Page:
THE 3-TORUS IS KERVAIRE

7

Theorem 4.

The standard 2-skeleton K of the 3-torus is Kervaire.

Proof.

By the Corollary to Theorem 1, we may assume that we have at most four

nontrivial corner labels. Moreover, if there are precisely four, then by Theorem 1

the result still follows unless there is no pair of parallel faces, each containing two of

the nontrivial corner labels. Given that precisely four corner labels are non-trivial

assume, for

the sake of argument that o/ is non-trivial. Then if

!3' =

8'

=

o:

=

1,

either

j3

=

1, in which case the top and bottom faces each have two non-trivial

labels, or

j3

-1-

1 in which case the front and back faces each have two non-trivial

labels. Hence we may assume the non-trivial corner labels occur in pairs connected

by edges.

It

then follows from Theorem 1, again, that we may assume that the

four nontrivial labels are distributed at one vertex and its three neighbours, say

o:, o:',

!3',

8'. But then a change of variable move as described above changes our

system to one where the four nontrivial labels are distributed as

o:', j3', 8', 8,

and

the result again follows from Theorem 1.

Suppose next that precisely three corner labels are nontrivial.

If

they all belong

to a common face of the cube, we may apply Theorem 3, so suppose that this does

not happen.

If

two of the nontrivial labels are at adjacent corners, then we may

assume without loss of generality that the three nontrivial labels are

o:, f],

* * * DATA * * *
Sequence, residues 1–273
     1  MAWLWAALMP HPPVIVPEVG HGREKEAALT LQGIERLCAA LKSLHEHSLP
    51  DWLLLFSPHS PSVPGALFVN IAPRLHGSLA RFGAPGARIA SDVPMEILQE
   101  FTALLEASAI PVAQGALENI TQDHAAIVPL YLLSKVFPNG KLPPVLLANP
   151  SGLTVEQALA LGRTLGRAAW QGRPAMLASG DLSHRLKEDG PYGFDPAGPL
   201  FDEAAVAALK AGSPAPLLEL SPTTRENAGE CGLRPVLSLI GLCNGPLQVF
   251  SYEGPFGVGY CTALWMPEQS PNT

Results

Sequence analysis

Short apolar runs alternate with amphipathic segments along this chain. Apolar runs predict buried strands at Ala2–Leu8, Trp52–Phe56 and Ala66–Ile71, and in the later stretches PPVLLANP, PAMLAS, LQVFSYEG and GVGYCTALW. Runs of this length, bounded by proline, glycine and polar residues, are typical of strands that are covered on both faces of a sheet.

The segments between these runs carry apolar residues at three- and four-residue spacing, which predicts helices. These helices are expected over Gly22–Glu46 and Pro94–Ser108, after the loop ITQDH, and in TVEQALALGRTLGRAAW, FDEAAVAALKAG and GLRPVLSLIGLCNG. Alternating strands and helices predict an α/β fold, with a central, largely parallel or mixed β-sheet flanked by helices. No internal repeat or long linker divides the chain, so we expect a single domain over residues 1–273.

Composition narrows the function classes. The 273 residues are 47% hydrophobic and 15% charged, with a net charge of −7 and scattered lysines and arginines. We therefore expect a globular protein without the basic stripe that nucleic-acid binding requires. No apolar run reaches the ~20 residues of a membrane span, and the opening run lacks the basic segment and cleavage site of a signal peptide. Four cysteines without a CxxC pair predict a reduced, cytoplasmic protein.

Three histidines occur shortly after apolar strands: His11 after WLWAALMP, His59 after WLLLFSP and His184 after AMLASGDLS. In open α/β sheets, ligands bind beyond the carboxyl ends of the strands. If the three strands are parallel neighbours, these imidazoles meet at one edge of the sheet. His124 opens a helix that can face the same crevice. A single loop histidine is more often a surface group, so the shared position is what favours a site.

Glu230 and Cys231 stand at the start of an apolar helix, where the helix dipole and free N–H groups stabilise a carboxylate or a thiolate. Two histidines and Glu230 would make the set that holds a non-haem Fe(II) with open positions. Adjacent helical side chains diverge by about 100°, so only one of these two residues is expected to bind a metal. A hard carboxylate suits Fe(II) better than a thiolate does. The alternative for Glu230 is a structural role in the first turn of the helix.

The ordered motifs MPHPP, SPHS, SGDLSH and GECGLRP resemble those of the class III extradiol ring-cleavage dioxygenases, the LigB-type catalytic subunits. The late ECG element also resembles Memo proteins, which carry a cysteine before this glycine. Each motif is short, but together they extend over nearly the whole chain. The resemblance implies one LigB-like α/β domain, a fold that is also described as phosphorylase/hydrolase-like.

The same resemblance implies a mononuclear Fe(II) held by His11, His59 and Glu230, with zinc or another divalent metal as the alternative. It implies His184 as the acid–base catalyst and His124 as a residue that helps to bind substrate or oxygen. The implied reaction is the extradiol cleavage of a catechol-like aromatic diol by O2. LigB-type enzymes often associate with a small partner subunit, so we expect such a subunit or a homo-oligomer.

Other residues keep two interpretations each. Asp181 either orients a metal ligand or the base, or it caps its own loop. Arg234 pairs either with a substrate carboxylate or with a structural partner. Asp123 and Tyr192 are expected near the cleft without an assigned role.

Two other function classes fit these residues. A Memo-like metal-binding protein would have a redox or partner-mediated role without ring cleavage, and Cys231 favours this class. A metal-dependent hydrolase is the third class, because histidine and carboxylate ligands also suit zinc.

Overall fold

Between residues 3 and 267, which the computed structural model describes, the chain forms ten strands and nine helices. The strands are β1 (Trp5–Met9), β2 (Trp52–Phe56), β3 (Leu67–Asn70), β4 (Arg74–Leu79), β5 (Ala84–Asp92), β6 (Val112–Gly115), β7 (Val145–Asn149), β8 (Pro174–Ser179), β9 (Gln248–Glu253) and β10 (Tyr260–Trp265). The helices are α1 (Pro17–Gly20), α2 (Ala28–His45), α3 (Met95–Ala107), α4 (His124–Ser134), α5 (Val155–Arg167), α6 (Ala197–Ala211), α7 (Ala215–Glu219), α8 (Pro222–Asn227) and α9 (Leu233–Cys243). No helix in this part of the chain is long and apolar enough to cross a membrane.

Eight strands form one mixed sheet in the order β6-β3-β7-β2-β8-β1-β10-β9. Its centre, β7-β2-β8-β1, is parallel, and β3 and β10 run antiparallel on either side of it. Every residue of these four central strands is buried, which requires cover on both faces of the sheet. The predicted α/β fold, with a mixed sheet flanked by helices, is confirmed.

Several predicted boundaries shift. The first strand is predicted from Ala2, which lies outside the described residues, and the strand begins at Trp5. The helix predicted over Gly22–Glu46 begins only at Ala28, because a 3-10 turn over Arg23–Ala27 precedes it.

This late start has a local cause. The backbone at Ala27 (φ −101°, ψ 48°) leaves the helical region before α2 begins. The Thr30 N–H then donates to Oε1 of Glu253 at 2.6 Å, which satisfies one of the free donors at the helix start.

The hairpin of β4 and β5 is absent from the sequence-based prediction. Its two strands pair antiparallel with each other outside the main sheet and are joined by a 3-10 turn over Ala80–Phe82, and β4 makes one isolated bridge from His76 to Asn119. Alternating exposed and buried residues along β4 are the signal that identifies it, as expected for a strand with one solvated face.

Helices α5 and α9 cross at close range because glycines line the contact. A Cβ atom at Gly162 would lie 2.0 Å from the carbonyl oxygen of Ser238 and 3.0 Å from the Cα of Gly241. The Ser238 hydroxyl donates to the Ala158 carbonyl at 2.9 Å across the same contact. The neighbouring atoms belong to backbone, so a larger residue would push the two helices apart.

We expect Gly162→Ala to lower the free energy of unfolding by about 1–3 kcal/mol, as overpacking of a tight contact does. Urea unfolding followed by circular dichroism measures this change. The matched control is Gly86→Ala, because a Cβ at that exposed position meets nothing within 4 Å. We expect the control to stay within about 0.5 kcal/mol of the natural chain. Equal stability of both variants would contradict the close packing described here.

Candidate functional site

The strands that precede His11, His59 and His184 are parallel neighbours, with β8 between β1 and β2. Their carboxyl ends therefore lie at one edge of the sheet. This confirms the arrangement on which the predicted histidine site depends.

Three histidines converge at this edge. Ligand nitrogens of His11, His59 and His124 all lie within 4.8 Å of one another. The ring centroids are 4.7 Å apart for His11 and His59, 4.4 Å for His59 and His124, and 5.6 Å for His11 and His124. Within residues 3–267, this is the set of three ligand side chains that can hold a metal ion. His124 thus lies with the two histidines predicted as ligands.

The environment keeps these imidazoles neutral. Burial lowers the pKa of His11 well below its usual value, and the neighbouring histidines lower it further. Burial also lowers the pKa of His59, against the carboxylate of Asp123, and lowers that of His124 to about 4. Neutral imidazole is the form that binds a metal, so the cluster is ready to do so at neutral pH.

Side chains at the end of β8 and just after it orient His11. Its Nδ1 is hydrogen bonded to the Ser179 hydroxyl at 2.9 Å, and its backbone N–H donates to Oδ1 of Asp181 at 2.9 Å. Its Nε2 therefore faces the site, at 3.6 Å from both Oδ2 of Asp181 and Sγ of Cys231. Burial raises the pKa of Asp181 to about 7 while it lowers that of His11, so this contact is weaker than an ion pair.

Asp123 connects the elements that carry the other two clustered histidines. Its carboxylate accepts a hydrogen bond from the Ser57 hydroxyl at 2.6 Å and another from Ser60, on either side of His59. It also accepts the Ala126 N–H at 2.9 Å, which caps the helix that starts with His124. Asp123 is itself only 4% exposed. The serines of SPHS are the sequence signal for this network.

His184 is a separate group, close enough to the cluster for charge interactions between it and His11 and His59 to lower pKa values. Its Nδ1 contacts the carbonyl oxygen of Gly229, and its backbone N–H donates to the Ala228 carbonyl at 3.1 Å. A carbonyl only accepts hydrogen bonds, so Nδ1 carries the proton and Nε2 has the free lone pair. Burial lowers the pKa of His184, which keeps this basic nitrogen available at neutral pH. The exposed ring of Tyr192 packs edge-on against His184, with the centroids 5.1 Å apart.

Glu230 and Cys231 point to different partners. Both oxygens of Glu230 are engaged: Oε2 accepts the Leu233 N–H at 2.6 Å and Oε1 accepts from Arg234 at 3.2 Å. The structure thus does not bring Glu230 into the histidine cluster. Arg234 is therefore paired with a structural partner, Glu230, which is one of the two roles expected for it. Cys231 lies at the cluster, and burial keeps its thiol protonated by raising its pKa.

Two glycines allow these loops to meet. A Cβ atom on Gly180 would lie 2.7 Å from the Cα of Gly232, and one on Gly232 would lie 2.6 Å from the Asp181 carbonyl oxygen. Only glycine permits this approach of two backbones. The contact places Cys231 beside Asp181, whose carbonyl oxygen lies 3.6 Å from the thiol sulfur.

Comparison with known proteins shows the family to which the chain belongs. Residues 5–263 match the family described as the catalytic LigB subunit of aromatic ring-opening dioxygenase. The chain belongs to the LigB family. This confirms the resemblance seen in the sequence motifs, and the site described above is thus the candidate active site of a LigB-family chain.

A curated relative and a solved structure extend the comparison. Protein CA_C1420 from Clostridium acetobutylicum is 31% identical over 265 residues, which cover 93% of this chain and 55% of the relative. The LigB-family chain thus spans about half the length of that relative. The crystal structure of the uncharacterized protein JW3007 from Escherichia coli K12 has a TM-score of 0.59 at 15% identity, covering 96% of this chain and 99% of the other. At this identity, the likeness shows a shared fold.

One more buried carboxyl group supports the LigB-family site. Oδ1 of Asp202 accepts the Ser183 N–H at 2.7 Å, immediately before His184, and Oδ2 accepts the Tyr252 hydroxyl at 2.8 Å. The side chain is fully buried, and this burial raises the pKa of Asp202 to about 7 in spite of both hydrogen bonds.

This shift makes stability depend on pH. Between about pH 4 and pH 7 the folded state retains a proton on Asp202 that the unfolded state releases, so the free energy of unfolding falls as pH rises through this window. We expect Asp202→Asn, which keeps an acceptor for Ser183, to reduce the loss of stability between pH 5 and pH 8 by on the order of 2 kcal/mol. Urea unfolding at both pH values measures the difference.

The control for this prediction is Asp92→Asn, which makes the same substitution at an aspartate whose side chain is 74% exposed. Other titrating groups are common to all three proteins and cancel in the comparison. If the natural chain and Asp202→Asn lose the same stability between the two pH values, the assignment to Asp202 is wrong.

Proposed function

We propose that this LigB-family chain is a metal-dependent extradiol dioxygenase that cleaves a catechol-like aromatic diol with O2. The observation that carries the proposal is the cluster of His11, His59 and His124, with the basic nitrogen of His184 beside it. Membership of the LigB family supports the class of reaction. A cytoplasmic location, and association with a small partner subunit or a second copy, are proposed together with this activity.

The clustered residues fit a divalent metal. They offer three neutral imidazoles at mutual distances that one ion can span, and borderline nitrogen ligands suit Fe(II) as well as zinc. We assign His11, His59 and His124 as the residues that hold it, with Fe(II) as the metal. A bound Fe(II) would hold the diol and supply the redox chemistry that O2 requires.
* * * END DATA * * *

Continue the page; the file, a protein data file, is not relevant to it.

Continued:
8'. Then

the change of variable move gives us a system to which we may apply Theorem 3.

Finally, if no two of the three labels lie at adjacent corners, we may assume they

are

o:,

!3',

8'. The change of variable move reduces us to the previous case, where

two nontrivial labels are adjacent.

Finally, suppose at most two labels are nontrivial. Then Theorem 3 applies

except in the case where these labels are at opposite corners, say

o:, "(

1

•

Apply the

change of variable move once again to produce a system with two nontrivial labels

on a common face, and then apply Theorem 3.

Remarks. In the case of no nontrivial corner labels, the solution to the system is

trivial. As pointed out by Gersten [G2], if one of the corner labels is nontrivial,

then so is at least one more.

If

precisely two labels are nontrivial, then standard

arguments reduce us to the case where G is cyclic. In this case, an alternative

argument can be given: construct a central extension of

G

by

Z

3

in which the

equations hold, namely that corresponding to the 2-cocycle (abed, efgh, ijkl)

E

Q3

~

H2(z3, G).

REFERENCES

[BP] W. Bogley and S.

J.

Pride, Aspherical relative presentations, Proc. Edinburgh Math. Soc.

35 (1992), 1-39.

[B] A. Dold and B. Eckmann (eds), Proceedings of the Second International Conference on the

Theory of Groups, Australian National University, Canberra, 1973, Lecture Notes in Mathe-

matics, 372, Springer, Berlin; New York, 1974.

[E1] M. Edjvet, The solution of certain sets of equations over groups, Groups-St. Andrews, 1989

(C.M. Campbell and E.F. Robinson, eds.), London Math. Soc. Lecture Notes Series, vol. 159,

Cambridge Univ. Press, 1991, pp. 105-123.

[E2] M.Edjvet, Equations over Groups and a Theorem of Higman, Neumann and Neumann, Proc.

London Math. Soc. (3) 62 (1991), 563-589.